Akinnibosun said, “We’ve been working for him (since) when we were in the PDP, it has been long – when he was Governor of Kwara State. Where we can’t win, we scatter the election, the connection between me and the Senate President is that he’s the one that’s arranging everything for us. For example, this car was given to me by His Excellency (Abdulfatah) through the Chief of Staff as a gift from the leader, (Saraki).”
If a five-point resolution of the Saraki-led Senate could hold President Muhammadu Buhari accountable for the actions of his (Buhari’s) appointees, the Senate President, Abdulfatah and Babatunde, by the same token, should be held responsible for the killings of the Ofa robbery if it is proved that the arms or the ammunition they allegedly provided were used in the killing.
It is easy for some people to see the trial of Saraki as political victimisation because it wasn’t their relatives that were killed on Thursday, April 5, 2018. If it would take Saraki’s trial and imprisonment to stop this type of killings, so be it. With the recent jailing of two-term ex-governors and members of the ruling All Progressives Congress, Jolly Nyame (Taraba) and Joshua Dariye (Plateau), more members of the APC, including Abdulfatah and Babatunde, should be jailed appropriately if found guilty. Some argue that all notable politicians across the country maintain political thugs, and that Saraki and Abdulfatah shouldn’t be singled out. I ask, were Dariye and Nyame the only thieving ex-governors in Nigeria? Let’s begin from somewhere, please.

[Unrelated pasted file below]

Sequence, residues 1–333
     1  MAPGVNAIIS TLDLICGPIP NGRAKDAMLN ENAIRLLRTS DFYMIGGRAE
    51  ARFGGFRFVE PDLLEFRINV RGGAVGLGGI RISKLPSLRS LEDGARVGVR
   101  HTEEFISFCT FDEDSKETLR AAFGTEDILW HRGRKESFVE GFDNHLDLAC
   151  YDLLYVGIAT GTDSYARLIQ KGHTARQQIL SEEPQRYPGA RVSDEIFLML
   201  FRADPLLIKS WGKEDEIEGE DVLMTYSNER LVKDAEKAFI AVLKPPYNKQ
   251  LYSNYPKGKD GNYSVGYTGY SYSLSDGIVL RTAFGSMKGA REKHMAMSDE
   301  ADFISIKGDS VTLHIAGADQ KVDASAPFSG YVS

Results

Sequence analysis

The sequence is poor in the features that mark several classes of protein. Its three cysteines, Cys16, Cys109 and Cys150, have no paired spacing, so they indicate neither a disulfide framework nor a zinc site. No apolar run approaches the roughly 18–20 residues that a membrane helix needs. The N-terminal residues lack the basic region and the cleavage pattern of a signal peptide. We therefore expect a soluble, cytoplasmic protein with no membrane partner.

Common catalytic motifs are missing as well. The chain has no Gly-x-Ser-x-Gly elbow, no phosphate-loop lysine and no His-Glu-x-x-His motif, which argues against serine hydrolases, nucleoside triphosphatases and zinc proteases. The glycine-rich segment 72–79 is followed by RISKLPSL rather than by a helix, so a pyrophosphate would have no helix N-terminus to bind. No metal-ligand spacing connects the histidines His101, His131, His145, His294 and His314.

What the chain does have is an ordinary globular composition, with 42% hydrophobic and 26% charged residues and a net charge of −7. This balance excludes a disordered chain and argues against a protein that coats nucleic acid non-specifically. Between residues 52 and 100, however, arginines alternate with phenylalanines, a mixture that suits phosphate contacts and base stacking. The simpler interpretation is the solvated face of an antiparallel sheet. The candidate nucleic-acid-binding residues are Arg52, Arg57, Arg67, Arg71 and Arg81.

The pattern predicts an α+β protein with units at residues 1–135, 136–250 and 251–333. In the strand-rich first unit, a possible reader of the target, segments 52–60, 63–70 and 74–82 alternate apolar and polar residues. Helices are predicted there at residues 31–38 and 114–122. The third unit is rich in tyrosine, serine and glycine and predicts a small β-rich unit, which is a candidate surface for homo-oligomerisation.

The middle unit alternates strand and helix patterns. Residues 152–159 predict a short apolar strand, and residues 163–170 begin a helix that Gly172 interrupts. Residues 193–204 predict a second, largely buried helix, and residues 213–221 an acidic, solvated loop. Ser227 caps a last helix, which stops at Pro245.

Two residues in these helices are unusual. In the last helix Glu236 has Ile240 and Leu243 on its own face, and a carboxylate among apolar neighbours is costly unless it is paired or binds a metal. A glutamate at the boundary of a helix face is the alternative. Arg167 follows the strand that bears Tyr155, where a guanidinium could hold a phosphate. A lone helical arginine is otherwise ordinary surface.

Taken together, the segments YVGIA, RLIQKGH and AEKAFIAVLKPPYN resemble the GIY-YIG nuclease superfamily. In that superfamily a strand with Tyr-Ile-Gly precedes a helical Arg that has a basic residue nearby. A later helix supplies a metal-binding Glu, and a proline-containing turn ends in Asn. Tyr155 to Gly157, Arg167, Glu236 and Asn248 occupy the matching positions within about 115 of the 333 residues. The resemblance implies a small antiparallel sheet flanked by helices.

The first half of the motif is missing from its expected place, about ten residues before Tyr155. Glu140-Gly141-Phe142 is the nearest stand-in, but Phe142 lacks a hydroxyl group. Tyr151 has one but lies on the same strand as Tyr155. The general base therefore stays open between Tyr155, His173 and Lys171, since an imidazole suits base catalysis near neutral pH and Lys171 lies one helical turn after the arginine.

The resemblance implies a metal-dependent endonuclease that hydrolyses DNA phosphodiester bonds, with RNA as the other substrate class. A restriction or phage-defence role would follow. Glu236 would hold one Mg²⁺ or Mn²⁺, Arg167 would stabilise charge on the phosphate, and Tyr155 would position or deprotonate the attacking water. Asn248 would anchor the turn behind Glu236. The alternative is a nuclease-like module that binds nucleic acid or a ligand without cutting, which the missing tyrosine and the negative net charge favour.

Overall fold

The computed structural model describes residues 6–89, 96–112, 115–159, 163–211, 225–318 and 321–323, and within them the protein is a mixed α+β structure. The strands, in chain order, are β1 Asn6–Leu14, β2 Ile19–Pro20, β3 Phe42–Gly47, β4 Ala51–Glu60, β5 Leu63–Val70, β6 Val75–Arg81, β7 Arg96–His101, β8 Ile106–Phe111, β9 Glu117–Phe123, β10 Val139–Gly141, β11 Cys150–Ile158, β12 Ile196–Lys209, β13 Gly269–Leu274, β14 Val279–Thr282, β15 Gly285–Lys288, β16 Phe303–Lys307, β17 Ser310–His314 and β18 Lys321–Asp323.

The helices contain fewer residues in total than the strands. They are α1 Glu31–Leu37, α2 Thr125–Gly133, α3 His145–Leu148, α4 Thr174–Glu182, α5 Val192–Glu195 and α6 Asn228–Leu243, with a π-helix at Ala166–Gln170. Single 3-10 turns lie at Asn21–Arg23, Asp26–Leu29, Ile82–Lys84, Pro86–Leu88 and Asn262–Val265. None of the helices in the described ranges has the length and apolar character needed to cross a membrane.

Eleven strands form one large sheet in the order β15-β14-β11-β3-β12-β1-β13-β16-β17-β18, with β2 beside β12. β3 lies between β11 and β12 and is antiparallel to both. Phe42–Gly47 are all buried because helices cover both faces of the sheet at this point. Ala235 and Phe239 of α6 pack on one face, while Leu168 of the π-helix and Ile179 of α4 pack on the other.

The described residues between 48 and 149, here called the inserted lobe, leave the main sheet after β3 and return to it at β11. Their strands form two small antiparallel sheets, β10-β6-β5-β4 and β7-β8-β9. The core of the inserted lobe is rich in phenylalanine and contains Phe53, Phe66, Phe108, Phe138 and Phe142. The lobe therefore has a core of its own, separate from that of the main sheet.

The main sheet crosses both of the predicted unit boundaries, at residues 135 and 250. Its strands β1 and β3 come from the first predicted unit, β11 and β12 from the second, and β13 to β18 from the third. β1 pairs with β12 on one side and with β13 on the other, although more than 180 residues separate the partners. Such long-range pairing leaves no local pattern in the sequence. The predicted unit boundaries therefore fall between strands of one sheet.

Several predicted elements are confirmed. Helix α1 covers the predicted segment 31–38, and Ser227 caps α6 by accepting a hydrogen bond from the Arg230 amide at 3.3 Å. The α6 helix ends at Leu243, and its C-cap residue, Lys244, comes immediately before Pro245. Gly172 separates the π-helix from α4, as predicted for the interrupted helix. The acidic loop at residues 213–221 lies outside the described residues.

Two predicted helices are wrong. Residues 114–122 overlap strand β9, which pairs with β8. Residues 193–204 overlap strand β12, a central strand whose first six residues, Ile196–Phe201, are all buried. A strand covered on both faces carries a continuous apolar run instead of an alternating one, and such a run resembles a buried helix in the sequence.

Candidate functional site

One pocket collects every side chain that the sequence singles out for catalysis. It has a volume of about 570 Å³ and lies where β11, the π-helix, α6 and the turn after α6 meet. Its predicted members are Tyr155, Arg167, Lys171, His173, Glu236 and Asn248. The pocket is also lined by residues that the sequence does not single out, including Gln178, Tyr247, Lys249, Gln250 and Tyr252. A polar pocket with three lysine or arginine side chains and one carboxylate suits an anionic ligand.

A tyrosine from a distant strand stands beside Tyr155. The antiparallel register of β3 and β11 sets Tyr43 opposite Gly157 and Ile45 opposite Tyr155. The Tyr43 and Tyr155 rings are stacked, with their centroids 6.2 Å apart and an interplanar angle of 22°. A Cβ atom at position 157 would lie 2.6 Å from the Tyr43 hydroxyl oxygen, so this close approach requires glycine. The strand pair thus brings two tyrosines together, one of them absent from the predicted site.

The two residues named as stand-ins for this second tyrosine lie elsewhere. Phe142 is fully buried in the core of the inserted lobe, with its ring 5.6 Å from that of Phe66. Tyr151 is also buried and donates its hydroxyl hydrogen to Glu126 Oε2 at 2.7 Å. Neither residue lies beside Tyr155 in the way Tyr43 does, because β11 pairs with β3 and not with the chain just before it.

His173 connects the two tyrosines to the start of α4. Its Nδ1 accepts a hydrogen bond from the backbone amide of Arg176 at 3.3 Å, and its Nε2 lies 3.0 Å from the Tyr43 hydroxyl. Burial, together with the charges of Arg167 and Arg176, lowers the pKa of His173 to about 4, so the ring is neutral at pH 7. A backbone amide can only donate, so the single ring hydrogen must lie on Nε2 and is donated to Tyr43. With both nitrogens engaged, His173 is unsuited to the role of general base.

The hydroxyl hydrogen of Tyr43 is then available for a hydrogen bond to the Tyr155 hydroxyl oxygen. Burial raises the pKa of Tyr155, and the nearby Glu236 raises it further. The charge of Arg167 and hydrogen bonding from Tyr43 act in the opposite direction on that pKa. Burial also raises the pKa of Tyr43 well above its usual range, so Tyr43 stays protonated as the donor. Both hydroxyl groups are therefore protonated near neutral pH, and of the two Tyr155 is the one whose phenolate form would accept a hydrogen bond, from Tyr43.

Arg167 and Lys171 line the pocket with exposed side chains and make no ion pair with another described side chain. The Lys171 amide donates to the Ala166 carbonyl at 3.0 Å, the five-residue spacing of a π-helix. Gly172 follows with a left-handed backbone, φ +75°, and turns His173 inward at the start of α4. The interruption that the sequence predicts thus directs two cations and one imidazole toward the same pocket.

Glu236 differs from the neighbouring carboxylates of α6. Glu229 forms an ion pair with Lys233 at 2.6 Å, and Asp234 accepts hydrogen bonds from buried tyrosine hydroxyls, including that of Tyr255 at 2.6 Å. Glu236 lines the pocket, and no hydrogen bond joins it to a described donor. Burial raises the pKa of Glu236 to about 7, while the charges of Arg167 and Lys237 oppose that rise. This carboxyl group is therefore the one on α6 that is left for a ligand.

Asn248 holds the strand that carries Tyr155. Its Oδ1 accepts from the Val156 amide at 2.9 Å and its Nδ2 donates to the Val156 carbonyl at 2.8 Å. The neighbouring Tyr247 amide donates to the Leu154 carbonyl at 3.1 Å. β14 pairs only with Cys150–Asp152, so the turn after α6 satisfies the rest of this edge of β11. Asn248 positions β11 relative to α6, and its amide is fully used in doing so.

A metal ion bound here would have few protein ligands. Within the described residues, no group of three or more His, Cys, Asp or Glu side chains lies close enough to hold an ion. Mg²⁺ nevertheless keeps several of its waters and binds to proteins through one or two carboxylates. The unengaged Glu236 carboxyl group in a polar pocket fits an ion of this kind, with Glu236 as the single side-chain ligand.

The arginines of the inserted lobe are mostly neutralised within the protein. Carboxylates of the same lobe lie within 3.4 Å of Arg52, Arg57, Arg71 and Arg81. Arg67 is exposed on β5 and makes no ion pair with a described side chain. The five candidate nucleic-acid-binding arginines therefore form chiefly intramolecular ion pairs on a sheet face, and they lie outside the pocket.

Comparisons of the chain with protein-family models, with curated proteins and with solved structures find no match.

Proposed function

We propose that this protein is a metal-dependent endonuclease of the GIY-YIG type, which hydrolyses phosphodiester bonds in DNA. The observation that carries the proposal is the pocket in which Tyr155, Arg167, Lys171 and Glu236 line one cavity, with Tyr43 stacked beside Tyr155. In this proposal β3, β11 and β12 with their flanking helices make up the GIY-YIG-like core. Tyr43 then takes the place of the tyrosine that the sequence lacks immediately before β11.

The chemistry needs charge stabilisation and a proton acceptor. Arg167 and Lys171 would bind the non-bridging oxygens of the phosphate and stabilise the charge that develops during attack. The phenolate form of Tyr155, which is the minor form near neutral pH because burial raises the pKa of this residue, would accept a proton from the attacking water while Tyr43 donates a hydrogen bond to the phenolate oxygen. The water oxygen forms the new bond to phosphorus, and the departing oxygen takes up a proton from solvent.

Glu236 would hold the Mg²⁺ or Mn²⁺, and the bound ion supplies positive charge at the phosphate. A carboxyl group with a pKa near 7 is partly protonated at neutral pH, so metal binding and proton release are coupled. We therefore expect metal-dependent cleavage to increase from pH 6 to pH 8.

“The dead cannot cry out for justice. It’s the duty of the living to do so for them,” says American speculative writer, Lois Bujold. I agree with her, absolutely.
Tunde Odesola is a former Journalist with the PUNCH and writes from the United States. He can be reached on [email protected]
No other person like Mesujamba Saraki has singularly reduced Nigeria to a colossal collection of impoverished masses. Mesujamba Saraki is genetically venal, ruthlessly ruthless, more corrupt, more shameless, and more brazen. And with a weak president, a National Assembly of thieves, and a dysfunctional judicial system, Saraki will continue to call the shots. When will Bukola Abiku Mesujamba Saraki go to jail?
This past week, 47-year old Justice Allen H. Loughry II, of the West Virginia Supreme Court of Appeals in the US, was sentenced to 395 years in prison and $5.5 million in fines after being hit with a 22-count indictment on numerous charges of fraud and corruption. This is a textbook example of how to permanently lock up miscreants in public office.